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How Ex-Nazis Re-Stole Stolen Jewish Art

July 25 2016

By 1949, the U.S. government had placed over 10,000 works of art that had been looted by the Nazis in the hands of the government of Bavaria, which had been given the task of returning the items to their rightful owners. Now an investigation has concluded that a significant number of these works found their way back into the hands of former high-ranking members of the Nazi party. Abigail Cain writes:

As the investigation details, the government officials responsible for returning the looted work were, in fact, a series of men with ties to the Nazi party. The Bavarian state secretary transferred the authority to distribute the art to the director of the Bavarian State Paintings Collections, Eberhard Hanfstaengl, a cousin of Hitler’s secretary of foreign affairs, Ernst Hanfstaengl.

Later, Ernst Buchner—the curator of the Bavarian State Paintings Collections between 1932 and 1945—took the reins. This went against the express orders of [U.S. officials], who said to “deny him any position in any art-collection point in Germany at any point.” Buchner staffed his department with men of similar Nazi-era backgrounds. . . .

[T]he Bormanns, Görings, von Schirachs, Franks, and Streichers—all former high-ranking Nazi families—successfully negotiated for the return of looted art they had obtained at the peak of the Reich, often directly with state officials. Jewish families, on the other hand, struggled against “impossible hurdles” that kept them from recovering their property.

Read more at Artsy

More about: Art, Germany, History & Ideas, Holocaust restitution, Nazis, World War II

 

Hamas’s Dangerous Escalation in Gaza

June 22 2018

As Hamas has stepped up its attacks on communities near the Gaza Strip—using incendiary devices attached to kites and balloons—Israel has begun to retaliate more forcefully. In response, the terrorist group has begun firing rockets and mortars into Israel. Yoav Limor comments:

What made Wednesday’s rocket salvo different is that ‎unlike previous flare-ups on the border [since 2014], this time it ‎was Hamas operatives who fired at Israel, as opposed ‎to Islamic Jihad or the ‎rogue terrorist group in the coastal enclave. ‎Still, Hamas made sure the attack followed most of ‎the familiar “rules”—only [firing] at night and only at the ‎ communities in the vicinity of Gaza, and apparently while also ‎trying to minimize any casualties, to avoid further ‎escalation. ‎. . .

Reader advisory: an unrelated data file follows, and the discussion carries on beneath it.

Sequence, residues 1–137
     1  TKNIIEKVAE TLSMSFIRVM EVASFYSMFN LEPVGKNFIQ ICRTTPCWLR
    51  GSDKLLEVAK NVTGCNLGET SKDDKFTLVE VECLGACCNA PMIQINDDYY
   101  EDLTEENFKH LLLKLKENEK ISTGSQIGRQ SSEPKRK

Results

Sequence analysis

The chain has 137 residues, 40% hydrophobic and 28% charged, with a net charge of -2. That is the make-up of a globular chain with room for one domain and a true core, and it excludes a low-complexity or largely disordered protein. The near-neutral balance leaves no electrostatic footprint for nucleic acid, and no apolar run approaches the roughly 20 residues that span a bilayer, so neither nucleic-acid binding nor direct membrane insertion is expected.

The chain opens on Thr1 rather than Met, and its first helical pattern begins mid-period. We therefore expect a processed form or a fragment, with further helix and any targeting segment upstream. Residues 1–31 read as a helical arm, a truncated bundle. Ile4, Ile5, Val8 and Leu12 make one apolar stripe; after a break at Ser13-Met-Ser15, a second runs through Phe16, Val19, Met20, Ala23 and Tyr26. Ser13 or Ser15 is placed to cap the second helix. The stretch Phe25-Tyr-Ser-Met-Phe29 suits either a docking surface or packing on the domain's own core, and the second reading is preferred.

The first reason [for the shift in tactics] is Israel’s own change of policy ‎with regard to kite terrorism. It took Israel far ‎too long to define the incessant waves of incendiary ‎kites sent over the border as actionable acts of ‎terror, but once it did, the IDF began ‎systematically countering them, including firing ‎warning shots at terrorist kite cells and targeting ‎Hamas assets in Gaza in retaliation.‎

The second reason is Hamas’s own frustration and ‎distress in Gaza. Since the border-riot campaign was ‎launched on March 30, some 150 of its operatives ‎have been killed and the Israeli military has ‎carried out over 100 strikes on Hamas positions in ‎the coastal enclave, all while Hamas has nothing to ‎show for it. ‎In this situation, Hamas is searching for [some sort of victory] by declaring that “bombings will be ‎met with bombings,” as Hamas spokesman Fawzi Barhoum ‎said Wednesday, in order to portray itself as defending Gaza from ‎Israel.‎ . . .

Hamas is banking on Israel opting against a military ‎campaign in Gaza at this time so as not to split its ‎focus from the [developments in Syria], but it is sorely ‎mistaken if it thinks Israel will simply contain ‎kite terrorism or shy away from action given the new ‎equation it has presented. ‎At some point, Israel’s patience will expire.

Read more at Israel Hayom

More about: Gaza Strip, Hamas, Israel & Zionism, Israeli Security